Participants interact with the ledger via nodes in a peer-to-peer network. Nodes form the infrastructure of the blockchain network. Nodes are like individual servers that contain the business rules and conditions to add and validate or confirm transactions. These rules and conditions form the basis of smart contracts, which execute the transaction. For example, a smart contract in a blockchain network for tracking a physical asset or property may be set up to execute the change in ownership of the property when the value of the property (in dollars) has been transferred to the seller.
The ledger is shared and duplicated by all the participants who have nodes in the network. The duplication of data means that tampering with a single copy of the ledger cannot succeed in stealing an asset or its value because many other copies exist, each separately secured in a node.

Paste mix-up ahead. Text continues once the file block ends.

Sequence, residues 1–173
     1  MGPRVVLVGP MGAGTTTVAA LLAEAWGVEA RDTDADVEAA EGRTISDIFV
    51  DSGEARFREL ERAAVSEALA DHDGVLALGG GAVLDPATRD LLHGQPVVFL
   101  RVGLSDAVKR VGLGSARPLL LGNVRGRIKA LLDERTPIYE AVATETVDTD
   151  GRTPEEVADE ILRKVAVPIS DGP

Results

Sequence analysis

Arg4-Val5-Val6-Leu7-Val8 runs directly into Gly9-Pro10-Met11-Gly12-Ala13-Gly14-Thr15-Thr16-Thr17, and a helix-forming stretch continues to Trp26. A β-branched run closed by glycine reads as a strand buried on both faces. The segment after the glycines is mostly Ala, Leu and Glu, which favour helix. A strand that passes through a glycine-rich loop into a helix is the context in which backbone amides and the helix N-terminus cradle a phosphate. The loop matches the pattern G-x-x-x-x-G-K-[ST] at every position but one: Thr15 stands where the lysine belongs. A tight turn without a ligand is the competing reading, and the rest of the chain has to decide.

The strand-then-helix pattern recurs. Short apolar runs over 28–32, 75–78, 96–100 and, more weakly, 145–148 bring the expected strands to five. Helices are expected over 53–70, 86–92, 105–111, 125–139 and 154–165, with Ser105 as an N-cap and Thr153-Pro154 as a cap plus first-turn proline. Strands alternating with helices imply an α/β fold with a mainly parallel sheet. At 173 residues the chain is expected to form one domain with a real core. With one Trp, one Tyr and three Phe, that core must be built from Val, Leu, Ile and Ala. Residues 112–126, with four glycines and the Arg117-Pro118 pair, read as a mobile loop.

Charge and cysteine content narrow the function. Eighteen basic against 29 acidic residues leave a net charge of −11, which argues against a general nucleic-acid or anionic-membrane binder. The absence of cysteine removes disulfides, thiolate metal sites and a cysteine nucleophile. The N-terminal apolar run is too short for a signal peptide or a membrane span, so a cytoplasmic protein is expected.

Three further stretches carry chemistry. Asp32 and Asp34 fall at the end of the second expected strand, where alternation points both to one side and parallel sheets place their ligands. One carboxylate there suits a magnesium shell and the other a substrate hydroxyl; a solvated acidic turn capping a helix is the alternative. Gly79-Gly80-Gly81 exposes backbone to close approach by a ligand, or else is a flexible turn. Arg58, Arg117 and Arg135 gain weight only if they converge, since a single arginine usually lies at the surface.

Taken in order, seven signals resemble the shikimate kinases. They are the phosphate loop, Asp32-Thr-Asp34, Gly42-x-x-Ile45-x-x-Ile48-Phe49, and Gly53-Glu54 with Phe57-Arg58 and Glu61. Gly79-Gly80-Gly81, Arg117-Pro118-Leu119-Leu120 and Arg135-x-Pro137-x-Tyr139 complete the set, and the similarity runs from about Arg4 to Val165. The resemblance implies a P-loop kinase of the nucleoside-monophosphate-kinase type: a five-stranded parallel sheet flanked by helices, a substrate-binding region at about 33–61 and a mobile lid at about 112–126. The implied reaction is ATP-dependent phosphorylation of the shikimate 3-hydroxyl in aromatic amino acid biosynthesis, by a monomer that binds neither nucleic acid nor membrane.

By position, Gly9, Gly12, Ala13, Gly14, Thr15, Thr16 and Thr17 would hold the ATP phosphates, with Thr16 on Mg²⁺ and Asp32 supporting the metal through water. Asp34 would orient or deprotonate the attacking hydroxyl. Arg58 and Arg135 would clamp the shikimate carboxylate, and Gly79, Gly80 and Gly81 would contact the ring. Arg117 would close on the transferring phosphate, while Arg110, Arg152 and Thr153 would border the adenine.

The immutability of the blockchain means that the sender and receiver of the transaction cannot deny its existence. This is called non-repudiation, and it is a key element in the security and integrity of the data.
Another component critical to the technology is the consensus algorithm. The distributed nature of the blockchain technology requires a method to achieve agreement on the data elements, which is fulfilled by the consensus algorithms. The two most common algorithms are Proof of Work (PoW) and Proof of Stake (PoS).